The world’s first nuclear blast set the stage for Hiroshima, Nagasaki and the Cold War
by PAUL HUARD
In the beginning was the Trinity.
Before Little Boy and Fat Man obliterated the Japanese cities of Hiroshima and Nagasaki scientists had to prove atomic weapons would work.
In the New Mexico desert near Los Alamos, tucked in an obscure corner of the Alamagordo Bombing Range called the Jornada del Muerto — the Journey of Death — the first nuclear explosion lit the sky with the brilliance of several suns.
The world had entered the Atomic Age — and we have never been the same.
“That brilliant flash which illuminated the pre-dawn desert on July 16, 1945, could well be called ‘the dawn of the nuclear age,’” Gregory Walker, who’s Trinity Atomic website chronicles the early days of nuclear weapons development, told War Is Boring.
“From that point forward nuclear energy had left the laboratory to become a force in warfare and the politics of nations.”
J. Robert Oppenheimer, the Manhattan Project’s scientific director, was shocked at the bomb’s destructive power. Years later, he recalled a quote from the Bhagavad Gita — “Now I am become Death, the destroyer of worlds.”
Test director Kenneth Bainbridge’s less-known comment wasn’t poetic but it was equally blunt. “Now we are all sons of bitches,” he told Oppenheimer as they watched Trinity’s mushroom cloud climb into the sky.
It all began in 1939. Scientists in Nazi Germany were making impressive progress in the field of atomic energy, a force so powerful that many prominent physicists believed the Third Reich’s goal was the creation of an atomic weapon.
World-famous scientist Albert Einstein — a committed pacifist but also an escapee from Nazi persecution — signed a letter to Pres. Franklin Roosevelt written by fellow physicist Leo Szilard urging FDR to authorize an American atomic energy program.
By late 1941, the U.S. government began the highly classified Manhattan Project. It would cost $25 billion in today’s money and employ nearly 130,000 people across the United States.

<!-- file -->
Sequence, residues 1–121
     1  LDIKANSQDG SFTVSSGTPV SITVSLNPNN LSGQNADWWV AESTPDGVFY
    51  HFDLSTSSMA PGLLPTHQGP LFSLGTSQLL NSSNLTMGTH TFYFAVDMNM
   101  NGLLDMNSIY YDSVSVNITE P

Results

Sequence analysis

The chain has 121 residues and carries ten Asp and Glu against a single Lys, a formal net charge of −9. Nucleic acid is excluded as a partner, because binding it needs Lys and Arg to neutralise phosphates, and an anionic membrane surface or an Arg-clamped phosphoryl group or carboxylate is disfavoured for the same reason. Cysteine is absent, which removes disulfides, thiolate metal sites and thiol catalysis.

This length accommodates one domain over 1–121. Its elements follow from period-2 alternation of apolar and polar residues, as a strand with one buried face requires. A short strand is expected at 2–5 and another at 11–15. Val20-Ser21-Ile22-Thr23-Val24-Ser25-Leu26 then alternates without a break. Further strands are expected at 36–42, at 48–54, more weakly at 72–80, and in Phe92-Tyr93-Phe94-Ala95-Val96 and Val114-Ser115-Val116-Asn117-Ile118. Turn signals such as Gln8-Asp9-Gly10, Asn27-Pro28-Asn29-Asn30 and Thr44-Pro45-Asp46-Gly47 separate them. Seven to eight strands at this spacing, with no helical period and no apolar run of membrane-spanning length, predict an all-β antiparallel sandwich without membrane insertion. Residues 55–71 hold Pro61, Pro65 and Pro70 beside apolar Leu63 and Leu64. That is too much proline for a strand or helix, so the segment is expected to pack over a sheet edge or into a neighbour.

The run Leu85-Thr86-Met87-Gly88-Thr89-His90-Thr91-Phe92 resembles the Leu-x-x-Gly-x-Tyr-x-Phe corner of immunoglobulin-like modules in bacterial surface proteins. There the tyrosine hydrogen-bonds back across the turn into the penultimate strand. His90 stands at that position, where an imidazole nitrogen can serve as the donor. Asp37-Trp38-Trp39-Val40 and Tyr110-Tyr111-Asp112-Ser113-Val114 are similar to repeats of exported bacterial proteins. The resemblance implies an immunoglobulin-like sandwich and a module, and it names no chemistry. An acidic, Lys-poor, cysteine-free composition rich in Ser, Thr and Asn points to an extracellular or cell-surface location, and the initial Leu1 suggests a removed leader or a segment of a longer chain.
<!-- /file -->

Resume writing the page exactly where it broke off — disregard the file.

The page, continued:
“It was feared that if Hitler got the bomb first, he would use it immediately and we would lose the war,” Duane Hughes, a volunteer guide and nuclear history expert at the National Museum of Nuclear Science & History told War Is Boring.
“We had no intelligence on what the Germans were actually doing, but we did know that they had a source of uranium, the best scientists, the technology, and the industrial capability to build the first atomic bomb and win the war.”
But Los Alamos was where the project’s scientists and engineers would make and test a bomb. Even though the war in Europe ended in May 1945, combat in the Pacific Theater against Imperial Japan raged on.
Germany had been the original target for a nuke — a fact not lost on the Jewish scientists working on the project. Many had fled the Third Reich. But, for many reasons, Pres. Harry Truman allowed development to continue after Germany surrendered.
American casualties in the Pacific were horrendous. The Japanese killed or wounded nearly 10,000 Americans a month. The Allies planned to invade the Japanese home islands in 1946, and they estimated the casualties would exceed more than one million American and British soldiers.
The Allies had firebombed Japan’s major cities, set up a naval blockade and pushed the Empire out of the Philippines. Yet Japan would not surrender — and its soldiers often fought to the last man or committed honorable suicide. Some thought Japan’s strategy was to fight the United States until the death toll was so unacceptable the Americans would be willing to enter peace talks.
There are various theories as to why America dropped the bomb. One theory goes that Washington wanted to thwart Soviet ambitions by showing Russia and the world it possessed a weapon of unspeakable power. And there was even a desire for revenge — Americans still remembered Pearl Harbor and the Bataan Death March.
Another theory has it that the U.S. government didn’t realize what they were about to unleash. America had already firebombed Japan and killed hundreds of thousands of people. A nuclear bomb was merely the logical conclusion of total war. All these complicated factors led to a final decision. If the atomic bomb worked, America would use it on Japan.